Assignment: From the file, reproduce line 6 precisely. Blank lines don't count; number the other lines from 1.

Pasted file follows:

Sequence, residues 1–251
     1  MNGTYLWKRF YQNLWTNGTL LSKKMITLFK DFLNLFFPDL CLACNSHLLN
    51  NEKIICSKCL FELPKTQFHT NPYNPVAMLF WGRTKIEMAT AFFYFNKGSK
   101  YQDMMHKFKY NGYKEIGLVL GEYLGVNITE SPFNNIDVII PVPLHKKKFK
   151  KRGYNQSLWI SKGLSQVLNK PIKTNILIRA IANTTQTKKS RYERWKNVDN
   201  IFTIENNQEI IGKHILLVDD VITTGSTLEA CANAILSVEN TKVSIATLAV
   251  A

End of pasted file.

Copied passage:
   201  IFTIENNQEI IGKHILLVDD VITTGSTLEA CANAILSVEN TKVSIATLAV